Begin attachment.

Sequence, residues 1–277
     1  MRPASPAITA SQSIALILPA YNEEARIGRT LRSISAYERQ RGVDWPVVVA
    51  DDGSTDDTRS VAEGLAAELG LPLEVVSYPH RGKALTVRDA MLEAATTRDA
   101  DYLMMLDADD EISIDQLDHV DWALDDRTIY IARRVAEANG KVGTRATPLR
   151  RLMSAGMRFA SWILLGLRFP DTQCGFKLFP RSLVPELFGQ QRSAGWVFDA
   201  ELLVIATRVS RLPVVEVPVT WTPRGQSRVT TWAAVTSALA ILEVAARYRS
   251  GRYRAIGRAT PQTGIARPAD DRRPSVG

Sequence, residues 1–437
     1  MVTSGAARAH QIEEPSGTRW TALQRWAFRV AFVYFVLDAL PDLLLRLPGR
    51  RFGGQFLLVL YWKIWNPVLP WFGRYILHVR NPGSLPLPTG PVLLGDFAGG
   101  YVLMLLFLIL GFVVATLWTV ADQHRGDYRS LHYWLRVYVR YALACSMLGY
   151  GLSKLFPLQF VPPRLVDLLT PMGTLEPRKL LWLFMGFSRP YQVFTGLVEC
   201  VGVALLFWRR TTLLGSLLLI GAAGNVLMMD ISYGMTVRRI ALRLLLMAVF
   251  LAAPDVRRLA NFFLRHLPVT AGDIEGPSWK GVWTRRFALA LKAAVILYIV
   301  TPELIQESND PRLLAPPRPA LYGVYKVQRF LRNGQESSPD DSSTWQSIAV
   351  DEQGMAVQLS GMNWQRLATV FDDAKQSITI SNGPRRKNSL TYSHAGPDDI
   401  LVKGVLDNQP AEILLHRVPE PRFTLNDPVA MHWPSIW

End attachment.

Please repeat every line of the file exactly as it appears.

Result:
Sequence, residues 1–277
     1  MRPASPAITA SQSIALILPA YNEEARIGRT LRSISAYERQ RGVDWPVVVA
    51  DDGSTDDTRS VAEGLAAELG LPLEVVSYPH RGKALTVRDA MLEAATTRDA
   101  DYLMMLDADD EISIDQLDHV DWALDDRTIY IARRVAEANG KVGTRATPLR
   151  RLMSAGMRFA SWILLGLRFP DTQCGFKLFP RSLVPELFGQ QRSAGWVFDA
   201  ELLVIATRVS RLPVVEVPVT WTPRGQSRVT TWAAVTSALA ILEVAARYRS
   251  GRYRAIGRAT PQTGIARPAD DRRPSVG

Sequence, residues 1–437
     1  MVTSGAARAH QIEEPSGTRW TALQRWAFRV AFVYFVLDAL PDLLLRLPGR
    51  RFGGQFLLVL YWKIWNPVLP WFGRYILHVR NPGSLPLPTG PVLLGDFAGG
   101  YVLMLLFLIL GFVVATLWTV ADQHRGDYRS LHYWLRVYVR YALACSMLGY
   151  GLSKLFPLQF VPPRLVDLLT PMGTLEPRKL LWLFMGFSRP YQVFTGLVEC
   201  VGVALLFWRR TTLLGSLLLI GAAGNVLMMD ISYGMTVRRI ALRLLLMAVF
   251  LAAPDVRRLA NFFLRHLPVT AGDIEGPSWK GVWTRRFALA LKAAVILYIV
   301  TPELIQESND PRLLAPPRPA LYGVYKVQRF LRNGQESSPD DSSTWQSIAV
   351  DEQGMAVQLS GMNWQRLATV FDDAKQSITI SNGPRRKNSL TYSHAGPDDI
   401  LVKGVLDNQP AEILLHRVPE PRFTLNDPVA MHWPSIW